Adeno-associated virus gene therapy prevents progression of kidney disease in genetic models of nephrotic syndrome

Wen Y. Ding, Valeryia Kuzmuk, Sarah Hunter, Abigail Lay, Bryony Hayes, Matthew Beesley, Ruth Rollason, Jennifer A. Hurcombe, Fern Barrington, Catrin Masson, William Cathery, Carl May, Jack Tuffin, Timothy Roberts, Geraldine Mollet, Colin J. Chu, Jenny McIntosh, Richard J. Coward, Corinne Antignac, Amit NathwaniGavin I. Welsh, Moin A. Saleem

Research output: Contribution to journalArticlepeer-review

Abstract

Gene therapy for kidney diseases has proven challenging. Adeno-associated virus (AAV) is used as a vector for gene therapy targeting other organs, with particular success demonstrated in monogenic diseases. We aimed to establish gene therapy for the kidney by targeting a monogenic disease of the kidney podocyte. The most common cause of childhood genetic nephrotic syndrome is mutations in the podocyte gene NPHS2, encoding podocin. We used AAV-based gene therapy to rescue this genetic defect in human and mouse models of disease. In vitro transduction studies identified the AAV-LK03 serotype as a highly efficient transducer of human podocytes. AAV-LK03–mediated transduction of podocin in mutant human podocytes resulted in functional rescue in vitro, and AAV 2/9–mediated gene transfer in both the inducible podocin knockout and knock-in mouse models resulted in successful amelioration of kidney disease. A prophylactic approach of AAV 2/9 gene transfer before induction of disease in conditional knockout mice demonstrated improvements in albuminuria, plasma creatinine, plasma urea, plasma cholesterol, histological changes, and long-term survival. A therapeutic approach of AAV 2/9 gene transfer 2 weeks after disease induction in proteinuric conditional knock-in mice demonstrated improvement in urinary albuminuria at days 42 and 56 after disease induction, with corresponding improvements in plasma albumin. Therefore, we have demonstrated successful AAV-mediated gene rescue in a monogenic renal disease and established the podocyte as a tractable target for gene therapy approaches.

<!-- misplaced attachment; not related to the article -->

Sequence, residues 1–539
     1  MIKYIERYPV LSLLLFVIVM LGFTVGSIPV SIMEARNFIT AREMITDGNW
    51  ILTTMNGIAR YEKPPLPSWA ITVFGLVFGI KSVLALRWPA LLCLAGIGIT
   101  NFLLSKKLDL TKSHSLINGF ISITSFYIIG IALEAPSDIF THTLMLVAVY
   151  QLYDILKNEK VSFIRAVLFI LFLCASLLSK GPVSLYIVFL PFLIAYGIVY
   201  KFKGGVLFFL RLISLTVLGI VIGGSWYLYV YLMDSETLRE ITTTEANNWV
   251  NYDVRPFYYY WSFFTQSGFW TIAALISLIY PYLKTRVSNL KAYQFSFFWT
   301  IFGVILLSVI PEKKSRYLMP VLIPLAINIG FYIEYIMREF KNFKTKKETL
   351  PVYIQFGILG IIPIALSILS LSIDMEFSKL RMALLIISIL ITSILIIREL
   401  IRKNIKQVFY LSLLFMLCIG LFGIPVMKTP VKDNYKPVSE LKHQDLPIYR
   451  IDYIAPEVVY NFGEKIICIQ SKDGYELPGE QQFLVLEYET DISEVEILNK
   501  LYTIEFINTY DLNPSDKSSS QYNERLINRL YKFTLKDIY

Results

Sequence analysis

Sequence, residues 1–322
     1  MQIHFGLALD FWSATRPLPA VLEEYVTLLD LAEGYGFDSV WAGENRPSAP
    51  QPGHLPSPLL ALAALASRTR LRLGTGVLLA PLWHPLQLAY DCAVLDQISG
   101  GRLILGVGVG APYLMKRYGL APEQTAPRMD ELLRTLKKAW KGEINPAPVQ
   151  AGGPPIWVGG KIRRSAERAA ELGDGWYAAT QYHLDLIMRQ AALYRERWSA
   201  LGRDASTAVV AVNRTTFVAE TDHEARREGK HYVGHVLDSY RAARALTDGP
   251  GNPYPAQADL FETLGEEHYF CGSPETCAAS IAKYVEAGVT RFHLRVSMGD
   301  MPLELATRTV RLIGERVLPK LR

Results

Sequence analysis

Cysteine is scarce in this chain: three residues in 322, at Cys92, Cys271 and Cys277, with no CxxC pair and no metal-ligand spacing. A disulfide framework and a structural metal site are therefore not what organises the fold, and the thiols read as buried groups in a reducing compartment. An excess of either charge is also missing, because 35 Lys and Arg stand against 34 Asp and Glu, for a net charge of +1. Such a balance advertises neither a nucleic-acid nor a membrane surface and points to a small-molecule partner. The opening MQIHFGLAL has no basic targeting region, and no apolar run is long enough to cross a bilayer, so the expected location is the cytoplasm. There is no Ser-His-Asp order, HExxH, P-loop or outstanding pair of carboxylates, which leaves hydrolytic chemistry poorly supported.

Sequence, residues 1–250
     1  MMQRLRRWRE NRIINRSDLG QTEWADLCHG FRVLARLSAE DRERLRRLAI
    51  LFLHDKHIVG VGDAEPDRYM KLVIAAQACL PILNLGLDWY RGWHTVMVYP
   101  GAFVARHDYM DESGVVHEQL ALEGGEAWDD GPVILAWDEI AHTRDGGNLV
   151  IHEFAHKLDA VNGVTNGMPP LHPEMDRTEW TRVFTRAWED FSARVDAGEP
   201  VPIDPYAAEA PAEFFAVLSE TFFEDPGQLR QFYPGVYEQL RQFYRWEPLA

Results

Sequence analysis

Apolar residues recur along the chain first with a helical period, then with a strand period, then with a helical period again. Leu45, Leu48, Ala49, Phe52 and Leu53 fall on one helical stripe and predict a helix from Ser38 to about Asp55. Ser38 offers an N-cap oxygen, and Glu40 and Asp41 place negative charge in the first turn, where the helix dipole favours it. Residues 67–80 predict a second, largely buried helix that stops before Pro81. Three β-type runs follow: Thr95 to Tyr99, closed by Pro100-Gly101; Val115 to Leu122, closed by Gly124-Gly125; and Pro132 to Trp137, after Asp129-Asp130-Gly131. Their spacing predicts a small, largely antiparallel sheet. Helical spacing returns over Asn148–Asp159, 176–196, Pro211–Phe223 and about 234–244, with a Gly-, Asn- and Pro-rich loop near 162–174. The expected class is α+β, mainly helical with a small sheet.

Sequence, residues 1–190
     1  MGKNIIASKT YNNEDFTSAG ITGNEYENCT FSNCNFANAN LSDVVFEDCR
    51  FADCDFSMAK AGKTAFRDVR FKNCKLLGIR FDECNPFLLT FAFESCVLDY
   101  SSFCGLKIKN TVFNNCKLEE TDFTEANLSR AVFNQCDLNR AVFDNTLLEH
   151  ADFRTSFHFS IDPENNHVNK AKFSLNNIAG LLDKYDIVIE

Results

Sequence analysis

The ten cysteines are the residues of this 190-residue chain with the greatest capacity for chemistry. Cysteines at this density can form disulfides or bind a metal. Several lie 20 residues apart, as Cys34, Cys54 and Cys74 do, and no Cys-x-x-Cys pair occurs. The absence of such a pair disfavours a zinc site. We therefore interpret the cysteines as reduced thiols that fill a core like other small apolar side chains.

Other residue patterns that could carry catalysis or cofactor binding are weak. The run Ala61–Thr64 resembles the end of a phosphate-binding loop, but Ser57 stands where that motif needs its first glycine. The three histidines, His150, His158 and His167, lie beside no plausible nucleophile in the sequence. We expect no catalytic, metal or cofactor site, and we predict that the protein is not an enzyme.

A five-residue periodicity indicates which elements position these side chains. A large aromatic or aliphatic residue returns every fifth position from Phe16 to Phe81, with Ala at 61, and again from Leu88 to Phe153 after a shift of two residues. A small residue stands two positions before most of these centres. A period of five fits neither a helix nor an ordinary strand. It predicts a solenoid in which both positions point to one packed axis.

Original languageEnglish
Article numbereabc8226
JournalScience Translational Medicine
Volume15
Issue number708
DOIs
Publication statusPublished - 9 Aug 2023

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